Dan Miller Puts the Hidden Side of Depression on View at Waterloo Arts

Dan Miller, Please Don’t Call, 2019

“Depression is not always uncontrollable crying. …Depression is being given a year to get ready for an exhibition, an exhibition about depression, that is instead spent avoiding emails, wasting hours staring at blank pages and disappointment.” In the artist statement for this exhibition, Dan Miller bares it all – just as he does on the walls of Waterloo Arts for “Some Disassembly Required”, a pop-up show organized by Maria Neil Art Project.

Miller suffers from Bipolar 2 Disorder and Chronic Depression, and this highly narrative exhibition chronicles some of his recent struggles – including a rough divorce, losing a grandparent, and two nearly fatal motorcycle accidents.

Dan Miller, PTSD, 2019

Miller has an illustrative style of painting, reminiscent of children’s book illustrations – however, his tight but shakey strokes are anything but childish – there are some very adult scenes in this show: Blood on the pavement, a soiled hospital bed, gravestones, a twisted crashed motorcycle, suicidal thoughts, etc. Despite the heavy subject matter, Miller’s use of color is oddly charming – pastel pinks, greens, and blues – a seemingly uplifting palette, yet each scene is punctuated with a dripping black cloud.

Miller admits that the clouds are a bit “on the nose”, and I have to agree. It feels like some of the clouds were placed on the individual paintings as a unifying afterthought – but in others, like PTSD (above), the clouds do work. He also painted large clouds on the walls of the gallery – hanging in between the paintings like sentinels of sadness.

Dan Miller, I’ll Get to It Tomorrow, 2019

Dan Miller, Depression Nest, 2019 (Detail Below)

Paintings like I’ll Get to It Tomorrow and Depression Nest show a very dark side of mental illness, one that often goes unseen. Miller explains what it’s like to be trapped in a depressive episode: “Waking up at noon telling yourself the day is over and that you’ll get up early tomorrow and start. That depression can make you feel as if you are a passive member of the world, just going through the motions, killing time until you can go back to sleep, a poorly programed automaton just projecting an approximation of happiness. A human shaped depression machine.” In the large blue horizontal expanse of Depression Net, Miller scrawled “Just killing time until I can go back” – his nest of a bed is covered with piles and piles of clothes. Miller presents the sad reality of what it feels like when you can’t find the strength to face the world.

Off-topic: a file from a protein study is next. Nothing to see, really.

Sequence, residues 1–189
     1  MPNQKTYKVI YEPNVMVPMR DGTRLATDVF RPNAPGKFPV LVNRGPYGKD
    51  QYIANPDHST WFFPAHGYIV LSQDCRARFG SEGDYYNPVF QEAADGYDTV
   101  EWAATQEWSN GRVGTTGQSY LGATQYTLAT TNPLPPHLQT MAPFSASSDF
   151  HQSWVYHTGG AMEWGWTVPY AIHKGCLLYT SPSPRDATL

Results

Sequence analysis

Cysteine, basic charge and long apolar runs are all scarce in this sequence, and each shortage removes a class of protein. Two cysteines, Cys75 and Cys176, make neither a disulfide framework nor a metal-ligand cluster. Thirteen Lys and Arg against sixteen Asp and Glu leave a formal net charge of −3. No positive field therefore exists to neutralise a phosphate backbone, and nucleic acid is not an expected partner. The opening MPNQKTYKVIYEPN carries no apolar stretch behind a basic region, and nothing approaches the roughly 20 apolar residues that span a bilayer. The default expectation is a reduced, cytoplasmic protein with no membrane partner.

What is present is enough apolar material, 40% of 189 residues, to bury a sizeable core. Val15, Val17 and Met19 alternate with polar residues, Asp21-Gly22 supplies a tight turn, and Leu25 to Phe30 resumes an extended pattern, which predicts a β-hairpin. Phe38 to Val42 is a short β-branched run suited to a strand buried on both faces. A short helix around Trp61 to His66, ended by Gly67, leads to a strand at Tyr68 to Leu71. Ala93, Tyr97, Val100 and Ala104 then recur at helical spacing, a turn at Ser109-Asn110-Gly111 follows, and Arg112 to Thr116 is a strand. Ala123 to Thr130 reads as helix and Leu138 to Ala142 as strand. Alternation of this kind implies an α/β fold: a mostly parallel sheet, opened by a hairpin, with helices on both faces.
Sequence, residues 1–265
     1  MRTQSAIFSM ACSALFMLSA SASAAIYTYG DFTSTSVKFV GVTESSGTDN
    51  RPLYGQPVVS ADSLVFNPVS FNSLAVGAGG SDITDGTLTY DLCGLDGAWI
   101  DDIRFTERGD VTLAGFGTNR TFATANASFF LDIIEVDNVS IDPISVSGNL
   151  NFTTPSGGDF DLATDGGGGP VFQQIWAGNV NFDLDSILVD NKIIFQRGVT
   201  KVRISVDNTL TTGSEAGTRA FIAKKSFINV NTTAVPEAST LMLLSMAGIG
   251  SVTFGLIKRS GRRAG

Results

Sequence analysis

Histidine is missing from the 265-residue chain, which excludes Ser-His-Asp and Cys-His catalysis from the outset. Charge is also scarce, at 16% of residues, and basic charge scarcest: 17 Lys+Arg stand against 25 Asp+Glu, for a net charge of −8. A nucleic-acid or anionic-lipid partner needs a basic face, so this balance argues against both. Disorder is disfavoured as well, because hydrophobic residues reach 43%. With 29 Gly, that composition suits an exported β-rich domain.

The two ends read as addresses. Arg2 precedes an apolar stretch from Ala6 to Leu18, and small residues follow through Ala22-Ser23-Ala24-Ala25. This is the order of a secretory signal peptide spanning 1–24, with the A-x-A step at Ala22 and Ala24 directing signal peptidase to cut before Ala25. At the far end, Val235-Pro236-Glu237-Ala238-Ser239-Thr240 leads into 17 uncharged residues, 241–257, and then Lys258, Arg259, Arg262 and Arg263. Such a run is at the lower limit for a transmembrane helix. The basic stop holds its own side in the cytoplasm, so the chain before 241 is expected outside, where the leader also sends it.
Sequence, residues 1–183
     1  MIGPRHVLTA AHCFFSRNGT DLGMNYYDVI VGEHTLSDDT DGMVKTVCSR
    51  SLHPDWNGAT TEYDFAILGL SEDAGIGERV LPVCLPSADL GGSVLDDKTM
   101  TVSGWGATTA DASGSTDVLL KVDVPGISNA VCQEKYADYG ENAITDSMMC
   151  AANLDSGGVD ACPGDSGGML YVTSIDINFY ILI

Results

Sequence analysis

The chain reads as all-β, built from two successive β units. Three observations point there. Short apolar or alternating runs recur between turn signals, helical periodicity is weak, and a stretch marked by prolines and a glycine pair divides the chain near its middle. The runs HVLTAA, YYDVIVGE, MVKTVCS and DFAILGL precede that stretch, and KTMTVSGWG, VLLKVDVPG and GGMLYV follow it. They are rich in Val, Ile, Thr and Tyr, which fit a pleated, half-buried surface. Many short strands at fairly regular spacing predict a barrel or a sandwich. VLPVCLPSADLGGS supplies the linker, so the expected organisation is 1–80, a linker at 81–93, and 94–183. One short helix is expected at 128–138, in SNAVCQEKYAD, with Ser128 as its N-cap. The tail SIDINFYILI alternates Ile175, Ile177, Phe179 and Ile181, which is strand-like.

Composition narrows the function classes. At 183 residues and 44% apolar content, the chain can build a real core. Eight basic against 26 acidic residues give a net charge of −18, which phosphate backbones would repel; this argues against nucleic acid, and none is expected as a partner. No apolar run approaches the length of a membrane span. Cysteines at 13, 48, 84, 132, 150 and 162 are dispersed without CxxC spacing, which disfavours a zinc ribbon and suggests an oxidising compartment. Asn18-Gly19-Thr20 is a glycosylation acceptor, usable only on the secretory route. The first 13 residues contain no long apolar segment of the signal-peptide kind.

Putting the hidden side of depression on view must have taken an incredible amount of courage on the artist’s part. I too suffer from depression, and fully recognize myself in many of these paintings – ignoring emails, procrastination to the point of complete immobility, and the vicious cycle that can ensue. It’s not pretty, and frankly it’s embarrassing – society still tends to frown on such behavior, and by putting these dark secrets on view, Miller is doing his part to destigmatize mental illness, which I applaud.

And while I absolutely loved this show, it was not fun to see it. In fact, I felt uneasy as I walked around the room, but I was fairly certain this was intentional. The thirteen paintings on view are all modestly sized, and felt far too small for the large room. The large clouds painted on the walls started to seem like placeholders for paintings that never happened – which is not a great feeling. As Miller explains: “The structure of this exhibition is as much a part of the narrative as the works themselves. The negative space and emptiness is a testament to both what could have been and the painful isolation of depression.” It does feel empty, and yet each small painting packs a serious punch. Looking at Miller’s paintings is a bit like taking a hard look in the mirror at myself, and that’s tough. It’s not fun to confront your demons – only some seriously powerful art could make that happen, and Miller’s work is definitely that powerful.


Don’t miss the chance to hear Dan Miller speak about this very personal exhibition on Wednesday, September 11th at 6:00pm – the talk will begin at around 6:45. Light refreshments will be served. Info here

Dan Miller Some Disassembly Required, Presented by Maria Neil Art Project

Through Sept. 21 at Waterloo Arts, 15605 Waterloo Rd.

216-692-9500, marianeilartproject.com



The opinions expressed on CAN Blog are those of the individual writers. Art is somewhat subjective. Well, somewhat. But yes, everybody's a critic.